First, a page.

Despite the real and dire financial needs we have, investment is not the panacea. A startup needs a clear headed, smart, and resourceful founder. Unless we individually deal with our issues around dysfunctional family patterns, consequent issues with self-worth as well as the family dynamics and societal issues with sexism, racism and trauma, success will not be within reach. Too often I have seen folks react without forethought or strategy out of sheer pain and the consequent anger.

Remember that finding an investor is like finding a life partner: Hard

I don’t want to dismiss that pain or anger. When your head is not straight and you are broke, it is hard to make good decisions. I have seen how some folks forget that it is better that you take $1 from the person whom you are aligned with than $100 from someone who will just be another headache. We need to get our individual and collective heads straight. Otherwise our cultura will solidify as one of reaction not strategy.

Lesson 3 — Quality Is Everything

Doing something just to be busy is not helpful. Creating a strategic plan with well thought out tasks to grow your company makes all the difference. Too often, we aren’t concerned with quality rather proving we can do it. I have been guilty of this and for that I apologize to those who I know deserved better.

When you do something do it at 100% of your current abilities.

Create systems that allow you make every task you undertake become automated, measurable, iterable. All of that will help you grow your company and your prospects.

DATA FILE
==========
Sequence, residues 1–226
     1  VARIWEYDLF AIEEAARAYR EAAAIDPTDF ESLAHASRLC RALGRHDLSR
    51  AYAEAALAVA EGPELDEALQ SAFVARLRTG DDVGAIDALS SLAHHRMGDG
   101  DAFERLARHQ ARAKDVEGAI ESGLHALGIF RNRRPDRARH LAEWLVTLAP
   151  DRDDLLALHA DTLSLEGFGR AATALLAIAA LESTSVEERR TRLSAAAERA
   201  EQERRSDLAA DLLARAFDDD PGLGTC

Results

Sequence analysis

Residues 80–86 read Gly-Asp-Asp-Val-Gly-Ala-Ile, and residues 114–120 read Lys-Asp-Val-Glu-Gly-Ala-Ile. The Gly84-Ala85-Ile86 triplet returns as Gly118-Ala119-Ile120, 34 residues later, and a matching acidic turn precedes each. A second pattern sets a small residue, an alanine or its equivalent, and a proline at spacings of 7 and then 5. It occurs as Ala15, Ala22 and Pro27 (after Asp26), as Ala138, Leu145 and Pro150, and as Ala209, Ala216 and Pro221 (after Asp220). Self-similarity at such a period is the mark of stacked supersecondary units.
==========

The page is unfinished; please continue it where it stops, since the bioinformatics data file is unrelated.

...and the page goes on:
Lesson 4 — Choose your co-founder wisely

Who you partner up with is important in life and business. In a perfect world you find someone who is honest, honorable, shares your sense of vision while being skilled. That in the end will respect you for your skills and abilities. The reality is that people are messy, have issues, and make mistakes. So rather than look for a “perfect” cofounder, look for someone who is conscious of their imperfections. Acknowledge your imperfections to yourselves and others. Self-awareness goes a long way to creating success.

On the flip side: we have trust issues, so often we won’t even partner.

If I was to create a chart about how many solo founders that are Latinx versus not. Guess where we would be in the spectrum? In my experience so many of us go it alone.

Now there are reasons we are tribalistic in our sense of trust. Life and death issues invaded our most of our great-grandparents, grandparents and parents lives. Currencies were/are demolished along with buildings. Lives could and can be upended with a coup, a silent, civil or dirty war. Today it is a the War on Drugs that invades us on both sides of our borders. All of this makes it hard for us to trust. Intergenerational trauma is real and not just in our heads. Yet if you don’t trust you can’t build a successful company. To get ahead be honest with who and where you come from. Remember that a business partner either has to work actively or bring in revenue.

Lesson 5 — Be Coachable

During our first class of Avion I made a decision. I didn’t want to tell our participants what to do, I wanted them figure out how to do it on their own. In retrospect I now realize that I was not as explicit as I should have been. People fill in the blanks you leave with what they expect the world to give them. There were expectations we could have never met and had never even thought of promising. My apologies for that to Deborah Castillero, Laura Moreno, and Deborah Deras. You deserved better, but I, too, was learning.